The Miami Marlins now have so many prospects in their system, it can be easy to overlook a future major-leaguer.
Turning 23-years-old today, Burdick played three seasons of Division 1 baseball with the Wright State Raiders, missing 2017 for Tommy John Surgery. His most impressive season by far was his red-shirt junior year of 2019, when he hit .407/.538/.729 in 59 games. He hit 15 homers with 72 RBI, while drawing nearly twice as many walks as strikeouts, 60-to-35 and stealing 24 bases.
Burdick signed with the Marlins for a below-slot $397,500 bonus, and reported directly to the Short-season-A Batavia Muckdogs, in the New York-Penn League (not the same Batavia that he was born in). In six contests, he was seven-for-22 with a triple, a homer, and five RBI.
The Miami Marlins fast-tracked Burdick up a level to the Single-A Clinton LumberKings in the Midwest League. He acquitted himself nicely in 63 contests, hitting .307/.408/.542 with 33 extra base hits, including 10 home runs. Burdick also collected a healthy 59 RBI, leading the team despite playing in less than half of their 139 games. Some remarked that Burdick compares to another, more famous Midwest League alum:
Burdick is mostly a left fielder by trade, where he racked up a solid .993 fielding percentage in 529 innings in 2019 for the Kings. He also appeared sparingly in right field, but never in center. A 55-rated power stroke and arm, Burdick is closer to average in his other three tool ratings, grading at 45 for his run and field tools, and 40 for his hit tool according to MLB Pipeline.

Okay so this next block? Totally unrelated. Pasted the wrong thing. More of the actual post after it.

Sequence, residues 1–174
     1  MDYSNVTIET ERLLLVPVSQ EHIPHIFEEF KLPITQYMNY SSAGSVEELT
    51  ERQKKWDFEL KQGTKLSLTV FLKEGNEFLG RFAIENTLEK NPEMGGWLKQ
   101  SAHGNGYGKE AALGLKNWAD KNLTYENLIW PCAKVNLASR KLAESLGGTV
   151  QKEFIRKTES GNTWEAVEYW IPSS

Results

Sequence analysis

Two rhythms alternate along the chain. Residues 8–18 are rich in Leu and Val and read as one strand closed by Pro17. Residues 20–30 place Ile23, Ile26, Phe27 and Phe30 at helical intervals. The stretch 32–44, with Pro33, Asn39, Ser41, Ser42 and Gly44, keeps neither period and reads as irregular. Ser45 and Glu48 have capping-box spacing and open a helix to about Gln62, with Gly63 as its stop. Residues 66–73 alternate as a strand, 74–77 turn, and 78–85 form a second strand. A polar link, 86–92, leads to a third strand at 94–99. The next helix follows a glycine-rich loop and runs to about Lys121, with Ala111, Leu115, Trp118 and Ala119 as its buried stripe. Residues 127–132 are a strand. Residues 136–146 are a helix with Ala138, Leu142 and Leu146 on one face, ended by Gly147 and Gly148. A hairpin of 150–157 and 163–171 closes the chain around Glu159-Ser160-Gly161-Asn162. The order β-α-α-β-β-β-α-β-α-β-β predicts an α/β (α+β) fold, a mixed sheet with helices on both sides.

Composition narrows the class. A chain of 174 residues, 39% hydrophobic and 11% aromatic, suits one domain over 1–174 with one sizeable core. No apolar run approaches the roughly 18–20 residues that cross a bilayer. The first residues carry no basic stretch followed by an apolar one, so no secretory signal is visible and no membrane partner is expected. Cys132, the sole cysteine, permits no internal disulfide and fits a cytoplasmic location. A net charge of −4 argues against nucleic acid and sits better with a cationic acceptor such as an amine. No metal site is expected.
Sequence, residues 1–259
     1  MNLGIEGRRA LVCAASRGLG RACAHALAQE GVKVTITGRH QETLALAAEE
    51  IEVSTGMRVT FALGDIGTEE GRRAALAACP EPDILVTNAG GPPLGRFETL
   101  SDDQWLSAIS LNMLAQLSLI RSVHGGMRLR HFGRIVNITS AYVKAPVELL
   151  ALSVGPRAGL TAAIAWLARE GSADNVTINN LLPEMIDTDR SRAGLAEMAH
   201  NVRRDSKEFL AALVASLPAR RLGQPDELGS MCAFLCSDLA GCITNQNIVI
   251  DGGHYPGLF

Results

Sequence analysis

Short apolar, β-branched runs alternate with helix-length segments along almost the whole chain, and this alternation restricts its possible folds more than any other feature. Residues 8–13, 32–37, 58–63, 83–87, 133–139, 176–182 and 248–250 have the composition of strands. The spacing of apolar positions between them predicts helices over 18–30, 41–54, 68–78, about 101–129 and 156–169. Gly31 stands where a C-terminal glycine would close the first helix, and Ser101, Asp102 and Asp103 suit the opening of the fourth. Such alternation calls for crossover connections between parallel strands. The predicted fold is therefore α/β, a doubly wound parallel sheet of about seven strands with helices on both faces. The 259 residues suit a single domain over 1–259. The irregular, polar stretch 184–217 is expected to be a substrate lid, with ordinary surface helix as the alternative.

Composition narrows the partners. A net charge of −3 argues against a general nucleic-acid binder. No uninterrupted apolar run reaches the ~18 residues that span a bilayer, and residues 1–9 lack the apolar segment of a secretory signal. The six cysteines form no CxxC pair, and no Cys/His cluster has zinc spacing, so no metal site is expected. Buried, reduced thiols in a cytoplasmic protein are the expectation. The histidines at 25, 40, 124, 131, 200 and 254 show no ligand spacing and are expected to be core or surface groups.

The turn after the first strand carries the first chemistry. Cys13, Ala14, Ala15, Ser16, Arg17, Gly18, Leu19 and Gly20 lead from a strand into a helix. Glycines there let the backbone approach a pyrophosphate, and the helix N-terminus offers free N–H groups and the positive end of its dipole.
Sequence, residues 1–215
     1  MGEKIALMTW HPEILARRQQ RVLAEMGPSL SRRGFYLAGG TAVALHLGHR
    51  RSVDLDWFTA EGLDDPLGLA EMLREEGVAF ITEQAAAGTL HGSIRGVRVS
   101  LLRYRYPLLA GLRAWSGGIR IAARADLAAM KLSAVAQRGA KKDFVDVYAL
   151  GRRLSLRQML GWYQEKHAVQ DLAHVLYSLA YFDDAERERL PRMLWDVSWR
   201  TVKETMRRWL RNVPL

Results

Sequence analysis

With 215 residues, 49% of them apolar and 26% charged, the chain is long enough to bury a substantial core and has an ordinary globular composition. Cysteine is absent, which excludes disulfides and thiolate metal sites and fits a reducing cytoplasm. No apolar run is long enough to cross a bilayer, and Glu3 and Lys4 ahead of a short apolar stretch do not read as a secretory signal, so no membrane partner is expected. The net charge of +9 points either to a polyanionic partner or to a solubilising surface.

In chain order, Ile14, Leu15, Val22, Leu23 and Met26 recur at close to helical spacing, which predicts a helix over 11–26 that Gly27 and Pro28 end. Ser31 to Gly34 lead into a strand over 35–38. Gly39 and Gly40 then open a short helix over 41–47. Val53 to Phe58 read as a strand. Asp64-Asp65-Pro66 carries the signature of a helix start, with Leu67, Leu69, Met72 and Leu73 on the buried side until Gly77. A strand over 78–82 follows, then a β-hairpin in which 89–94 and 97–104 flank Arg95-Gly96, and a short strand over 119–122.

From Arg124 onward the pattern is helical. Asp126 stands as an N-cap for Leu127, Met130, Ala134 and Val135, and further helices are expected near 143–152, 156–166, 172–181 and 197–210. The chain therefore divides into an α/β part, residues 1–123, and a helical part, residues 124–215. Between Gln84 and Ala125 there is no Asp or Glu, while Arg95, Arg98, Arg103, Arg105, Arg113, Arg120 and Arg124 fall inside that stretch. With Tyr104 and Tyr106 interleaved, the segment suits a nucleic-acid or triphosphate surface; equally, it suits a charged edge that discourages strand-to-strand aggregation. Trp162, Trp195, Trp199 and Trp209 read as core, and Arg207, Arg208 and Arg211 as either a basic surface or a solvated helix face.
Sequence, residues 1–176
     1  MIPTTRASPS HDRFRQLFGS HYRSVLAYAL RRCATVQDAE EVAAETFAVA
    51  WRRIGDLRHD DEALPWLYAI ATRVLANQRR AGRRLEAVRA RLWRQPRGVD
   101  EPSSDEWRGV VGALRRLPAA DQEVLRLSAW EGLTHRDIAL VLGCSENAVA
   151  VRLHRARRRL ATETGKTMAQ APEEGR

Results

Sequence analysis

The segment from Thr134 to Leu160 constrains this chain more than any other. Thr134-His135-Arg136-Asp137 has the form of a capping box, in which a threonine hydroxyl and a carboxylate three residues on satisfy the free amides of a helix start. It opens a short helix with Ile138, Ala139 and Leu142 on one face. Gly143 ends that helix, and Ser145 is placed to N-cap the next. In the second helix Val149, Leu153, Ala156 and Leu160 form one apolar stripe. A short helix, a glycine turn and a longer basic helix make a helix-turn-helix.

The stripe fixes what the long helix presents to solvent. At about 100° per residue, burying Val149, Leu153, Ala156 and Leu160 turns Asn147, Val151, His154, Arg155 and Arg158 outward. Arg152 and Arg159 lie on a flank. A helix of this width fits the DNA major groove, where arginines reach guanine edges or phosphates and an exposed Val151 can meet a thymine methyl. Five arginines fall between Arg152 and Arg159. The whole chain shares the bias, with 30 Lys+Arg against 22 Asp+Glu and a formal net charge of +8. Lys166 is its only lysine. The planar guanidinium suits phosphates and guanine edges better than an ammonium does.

That’s funny though, since all Burdick has done since 2019 started is hit and hit some more. If you collect all that batting data from the season, from college through the two minor league levels, he’s hit .352 with 167 base hits in only 128 games.
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"Burdick had some of the best raw power in the 2019 college crop, with some scouts grading it as plus-plus. His prodigious strength and the bat speed in his right-handed swing give him the ability to drive the ball out of the park to all fields. There are questions as to how he’ll make contact against better competition and with wood bats after a so-so performance in the Cape Cod League in the summer of 2018, but he does have some patience and has fared well in his first taste of pro ball. – MLB Pipeline"
Burdick will no doubt excel at his next level. It’s almost a lock he’ll begin the 2020 season at the High-A level with the Jupiter Hammerheads in the Florida State League. Considering his track record thus far, it wouldn’t be surprising to see him graduate to the Double-A Jacksonville Jumbo Shrimp in the Southern League before the season is out.
Burdick could make an appearance at the major league level at some point in the 2021 season, but 2022 seems more likely. Thanks for reading, and keep checking here for all the latest Marlins news.